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Income Migration Has Huge Impact on Investment Opportunities: Analysis

A new analysis of migration patterns during the Covid-19 pandemic -- focusing on the incomes of people who moved -- shows starkly different fiscal outcomes for states with similar population growth, with significantly higher tax revenue where high earners relocated. The data has profound implications for property demand, investment potential and economic health in these markets. 

SitusAMC and The Praedium Group examined migration patterns by income from 2019 through 2022 in eight states that traditionally rank high on investors’ radar, including Texas and Florida. While those two states experienced similar migration, Florida enjoyed a nearly four-fold increase in wealth compared to Texas— $23.7 billion versus $6.3 billion, respectively, based on the latest available tax data. More remarkably, the surge of wealth into Florida in the tax year examined was driven in large part by high-income earners ($200,000 or more annually). One-quarter of the growth in Florida’s tax returns came from that group, compared to just 8.5% of the growth in Texas returns. The other states analyzed include Arizona, North Carolina, South Carolina, Tennessee, Nevada and Georgia. (See Chart 1.) 

"Covid-19 accelerated the trend of people moving out of highly populated and less affordable markets like New York and California and into Sun Belt states," said Peter Muoio, PhD, Head of SitusAMC Insights. "But when we dissected that growth by income, we saw stark differences.” 


Chart 1

Higher-Earning Movers Influence Real Estate Demand and Economies 

Higher-wealth migration means demand for housing is likely to soar, especially for newer product, and commercial real estate also stands to benefit. During the pandemic, companies such as Blackstone, Goldman Sachs, various hedge funds, and multiple tech companies relocated their offices and personnel from expensive regions to the more affordable South Florida area. Some 158 Wall Street firms with almost $1 trillion in assets under management moved their headquarters out of New York City since 2019, according to study of 17,000 companies recently compiled by Bloomberg. A little over one-third relocated to Florida, while most of the rest moved to the Carolinas, Texas and other Sun Belt states. 

 “Many of these firms support high-paying jobs in the tech and financial sectors, which will likely generate more office and retail demand,” Muoio noted.  

Consistent strong employment growth is likely a driver of migration to the Southern states studied, where job growth is above the national average. (See Chart 2.) However, "an influx of wealth is likely indicative of better jobs, which tend to offer more financial stability and often represent a wider range of industries than low-income jobs," said Jen Rasmussen, PhD, Vice President, SitusAMC Insights. "More diverse economies typically mean more stable economies, and steadier CRE fundamentals."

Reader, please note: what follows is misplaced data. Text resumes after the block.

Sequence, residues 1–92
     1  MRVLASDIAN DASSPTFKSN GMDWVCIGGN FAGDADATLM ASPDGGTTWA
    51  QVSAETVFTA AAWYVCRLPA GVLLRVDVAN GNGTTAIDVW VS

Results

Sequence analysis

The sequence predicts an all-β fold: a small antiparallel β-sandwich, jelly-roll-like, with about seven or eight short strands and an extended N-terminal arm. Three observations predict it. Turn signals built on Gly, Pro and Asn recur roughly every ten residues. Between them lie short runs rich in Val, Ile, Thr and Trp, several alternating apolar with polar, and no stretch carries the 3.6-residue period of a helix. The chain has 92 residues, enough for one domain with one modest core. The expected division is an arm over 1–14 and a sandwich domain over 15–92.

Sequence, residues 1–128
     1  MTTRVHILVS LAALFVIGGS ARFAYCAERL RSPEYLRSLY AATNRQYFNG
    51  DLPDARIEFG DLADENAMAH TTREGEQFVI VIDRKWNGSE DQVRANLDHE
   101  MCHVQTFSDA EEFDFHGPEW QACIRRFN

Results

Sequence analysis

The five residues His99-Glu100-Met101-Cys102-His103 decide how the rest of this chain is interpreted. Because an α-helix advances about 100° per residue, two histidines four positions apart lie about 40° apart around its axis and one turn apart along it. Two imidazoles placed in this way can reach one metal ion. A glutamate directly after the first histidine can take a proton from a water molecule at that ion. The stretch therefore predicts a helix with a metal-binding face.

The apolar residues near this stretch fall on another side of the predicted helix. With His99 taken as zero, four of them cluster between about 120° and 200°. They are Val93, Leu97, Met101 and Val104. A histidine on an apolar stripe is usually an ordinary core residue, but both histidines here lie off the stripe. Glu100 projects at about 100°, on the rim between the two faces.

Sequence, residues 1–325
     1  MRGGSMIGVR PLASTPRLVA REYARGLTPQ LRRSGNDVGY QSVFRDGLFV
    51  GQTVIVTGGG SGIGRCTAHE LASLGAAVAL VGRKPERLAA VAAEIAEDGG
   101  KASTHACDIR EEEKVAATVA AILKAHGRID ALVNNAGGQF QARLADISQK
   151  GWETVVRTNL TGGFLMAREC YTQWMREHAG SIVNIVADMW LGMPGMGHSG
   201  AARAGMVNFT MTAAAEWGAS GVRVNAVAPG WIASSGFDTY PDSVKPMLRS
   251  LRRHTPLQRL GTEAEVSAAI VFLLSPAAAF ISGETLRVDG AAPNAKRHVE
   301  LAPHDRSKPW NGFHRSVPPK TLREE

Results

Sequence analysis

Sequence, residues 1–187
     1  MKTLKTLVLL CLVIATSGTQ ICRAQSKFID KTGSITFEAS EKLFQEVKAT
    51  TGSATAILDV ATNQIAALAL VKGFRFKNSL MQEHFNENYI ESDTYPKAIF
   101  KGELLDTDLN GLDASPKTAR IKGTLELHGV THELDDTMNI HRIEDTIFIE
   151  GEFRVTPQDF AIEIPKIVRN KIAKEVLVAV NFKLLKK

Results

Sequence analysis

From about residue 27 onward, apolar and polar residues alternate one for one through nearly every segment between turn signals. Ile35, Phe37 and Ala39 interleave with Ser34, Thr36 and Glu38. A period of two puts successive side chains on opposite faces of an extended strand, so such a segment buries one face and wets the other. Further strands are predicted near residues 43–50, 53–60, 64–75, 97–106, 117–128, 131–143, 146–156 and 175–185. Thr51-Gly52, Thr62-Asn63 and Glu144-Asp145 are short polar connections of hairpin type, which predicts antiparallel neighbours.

With less reliance on a single industry, local economies are better positioned to withstand cyclicality and downturns that affect real estate fundamentals. “For example, Las Vegas and to a lesser extent many Florida market economies have historically been heavily dependent on tourism and construction,” Rasmussen explained. “However, strong domestic migration, particularly that associated with high-income earners, will likely dampen the effects of cyclicality and increase economic diversity.”  


Chart 2

Taxes, Cost of Living Also Drive Migration  

A lower tax burden is another driver for relocation. The analysis examined total tax burden rates, which incorporate an amalgam of different tax types. Tennessee (7.6%), Texas (8.6%), Georgia (8.9%), South Carolina (8.9%) and Florida (9.1%) were among the states with the lowest tax burdens. Arizona (9.5%), Nevada (9.6%) and North Carolina (9.9%) had slightly higher tax burdens, but remained relatively attractive compared to the rest of the U.S.  

In addition, all of the Southern focus states are more affordable than the national average, except for Florida. Tennessee was the most affordable, with prices 9% below the national average. Florida is slightly less affordable than the national average, with prices just 1% higher. (See Chart 3.) 


Chart 3

Which States Lost and Gained Population in 2022? 

The most recent Census Bureau figures show Florida exhibited the strongest population growth on a percentage basis and the second highest on an absolute basis, increasing by approximately 2% or 417,000 people year-over-year in 2022. Texas took the top spot in population growth on an absolute basis at over 470,000 and ranked fourth among the states on a percentage basis at 1.6%. North Carolina, Georgia, Arizona, South Carolina, Tennessee, Washington, Utah and Idaho rounded out the top 10 states on an absolute basis. In addition to Florida and Texas, Idaho, South Carolina, South Dakota, Montana, Delaware, Arizona, North Carolina and Utah grew the most on a percentage basis. The highest number of residents (on a net basis) moved from the New York-Newark-Jersey City metro, with 154,361 people relocating. Los Angeles came in second, losing a net of 86,948 residents; Chicago lost 66,833. (Chicago lost the high-profile hedge fund Citadel to Miami in 2022.) 

"Population growth has been, and continues to be, a valuable source of information in determining potential real estate demand," said Muoio. "But income migration provides a more textured picture of where real estate demand will grow, particularly for the residential segment. Investors would be wise to follow the money."  

Click the links below to view state comparisons:

Florida v Texas